ASRS 2023: Detection of Early Diabetic Retinopathy Using OCT-A Bloodflow


Jennifer I. Lim, MD, FARVO, FASRS shares insights from her presentation on "Detection of early diabetic retinopathy using OCT-A blood flow analysis."

Jennifer I. Lim, MD, FARVO, FASRS shared insights from her presentation from ASRS 2023, titled "Detection of early diabetic retinopathy using OCT-A blood flow analysis," with our team.

Video Transcript

Editor's note - This transcript has been edited for clarity.

David Hutton:

I'm David Hutton of Ophthalmology Times. The American Society of Retina Specialists is holding its annual meeting in Seattle. At the meeting, Dr Jennifer Lim is presenting "Detection of early diabetic retinopathy using OCT-A blood flow analysis." Dr Lim thank you for joining us today to discuss this. Tell us a little bit about your presentation.

Jennifer I. Lim, MD, FARVO, FASRS:

Thank you, David, for having me today; it's always a pleasure to chat with you. Today, [I] presented the work that we did at University of Illinois in combination with our imaging faculty. And basically, we found that if you look at the OCT-A raw image, you can actually extract blood flow information. And looking at blood flow flux is actually more informative than just looking at blood vessel density.

So in the past, you know, our group as well as others have shown that blood vessel density is a way to distinguish separate stages of diabetic retinopathy from one another on the OCT-A imaging, and you can actually use AI and use blood flow density to distinguish these stages. So we actually know that the OCT-A raw image actually contains information, not just whether there is blood vessel presence or not, but rather, what is the intensity of the blood vessel presence, that is what is the flow.

So what we looked at, was looking exactly at the blood vessel flow, which others have attempted to do in the past. However, there are different variations that can change the signal, such as the pigmentation of the eye, as well as eye movements and eye blink. So we thought, why not try to normalise the blood vessel flow and create this normalised blood flow index. And basically, it's just like any other signal, there's a signal and there's a noise. So basically, what we tried to do is normalise the signal. And we showed, preliminarily in some of our work, that if you did do this, you could take images that look like the intensities were different. And after normalization, you would actually get the same blood flow index. So we felt that this was a useful measure.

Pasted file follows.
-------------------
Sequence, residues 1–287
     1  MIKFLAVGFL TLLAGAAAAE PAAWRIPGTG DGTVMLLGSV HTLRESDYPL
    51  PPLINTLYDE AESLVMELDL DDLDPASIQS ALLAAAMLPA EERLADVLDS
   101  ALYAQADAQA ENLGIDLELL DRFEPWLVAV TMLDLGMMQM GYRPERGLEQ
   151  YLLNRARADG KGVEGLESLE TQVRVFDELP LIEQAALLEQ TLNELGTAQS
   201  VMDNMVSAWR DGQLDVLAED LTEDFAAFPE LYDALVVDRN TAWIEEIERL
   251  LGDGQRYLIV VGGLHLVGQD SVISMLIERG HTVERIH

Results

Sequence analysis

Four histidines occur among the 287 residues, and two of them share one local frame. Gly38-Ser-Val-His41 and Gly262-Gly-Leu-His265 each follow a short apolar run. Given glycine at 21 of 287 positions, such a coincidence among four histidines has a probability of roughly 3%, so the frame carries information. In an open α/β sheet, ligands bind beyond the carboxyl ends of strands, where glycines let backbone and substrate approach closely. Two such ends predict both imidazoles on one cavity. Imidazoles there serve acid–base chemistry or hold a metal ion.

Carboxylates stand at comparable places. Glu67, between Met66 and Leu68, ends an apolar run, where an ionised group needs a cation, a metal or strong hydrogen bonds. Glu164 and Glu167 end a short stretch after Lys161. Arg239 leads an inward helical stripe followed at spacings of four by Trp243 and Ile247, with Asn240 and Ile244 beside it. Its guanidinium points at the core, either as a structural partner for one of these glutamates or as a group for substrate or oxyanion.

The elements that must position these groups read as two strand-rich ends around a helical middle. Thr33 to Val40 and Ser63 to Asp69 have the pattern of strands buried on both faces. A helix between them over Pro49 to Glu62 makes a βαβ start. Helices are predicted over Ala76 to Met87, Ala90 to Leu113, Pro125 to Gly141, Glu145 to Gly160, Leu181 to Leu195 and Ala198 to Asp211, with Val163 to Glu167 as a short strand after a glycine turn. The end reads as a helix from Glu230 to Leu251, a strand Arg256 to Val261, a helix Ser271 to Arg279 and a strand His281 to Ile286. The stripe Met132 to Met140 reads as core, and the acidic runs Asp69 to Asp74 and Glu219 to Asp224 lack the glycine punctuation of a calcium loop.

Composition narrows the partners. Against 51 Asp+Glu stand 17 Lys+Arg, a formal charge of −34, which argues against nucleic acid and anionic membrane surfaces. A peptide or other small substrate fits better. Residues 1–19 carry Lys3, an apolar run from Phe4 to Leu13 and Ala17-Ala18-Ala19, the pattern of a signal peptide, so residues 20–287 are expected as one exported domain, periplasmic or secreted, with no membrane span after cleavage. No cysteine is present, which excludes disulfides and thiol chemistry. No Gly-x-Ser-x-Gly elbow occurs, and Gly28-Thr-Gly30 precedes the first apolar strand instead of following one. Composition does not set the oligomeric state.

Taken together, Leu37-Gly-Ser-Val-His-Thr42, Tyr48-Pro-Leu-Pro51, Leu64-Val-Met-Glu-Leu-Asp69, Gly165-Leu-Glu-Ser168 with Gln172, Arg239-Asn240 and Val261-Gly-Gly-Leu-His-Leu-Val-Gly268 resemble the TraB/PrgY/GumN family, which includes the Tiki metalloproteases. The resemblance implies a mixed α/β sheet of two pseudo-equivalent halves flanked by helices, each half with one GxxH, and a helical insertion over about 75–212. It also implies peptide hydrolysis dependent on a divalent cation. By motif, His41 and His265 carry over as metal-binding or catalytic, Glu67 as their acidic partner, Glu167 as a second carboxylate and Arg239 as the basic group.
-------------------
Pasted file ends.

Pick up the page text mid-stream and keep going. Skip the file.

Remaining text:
So we went ahead and did this, we looked at blood vessel density, blood flow flux uncorrected, and then the normalised blood flow index by normalising the signal with regards to the noise that was present. And what we found with all of these measurements, is that if you looked at the normalise blood flow index, we could separate patients who were diabetic but had no retinopathy from patients who had no diabetes, and so essentially controls. We also found that this would work for patients with mild NPDR in comparison to controls and also patients who had diabetes without diabetic retinopathy from those who had mild NPDR from those who had diabetes without any diabetic retinopathy.

So, in contrast to blood vessel density, which could not distinguish controls from patients who had diabetes but no DR, we actually could do this with this measurement. This was also true when we looked at blood flow index alone. That is, they could not distinguish patients who were controls from patients who had diabetes, but no DR.

So in summary, we feel that this normalised blood flow index, particularly of the deep capillary plexus, was the most sensitive in distinguishing all 3 groups from each other. That is patients who are controls, from patients who have diabetes without DR, patients who are diabetic with mild NPDR, and those with NPDR from those without any NPDR. So, I think you know, going forward this may be a useful measurement and only time will tell, and further work remains to be done.

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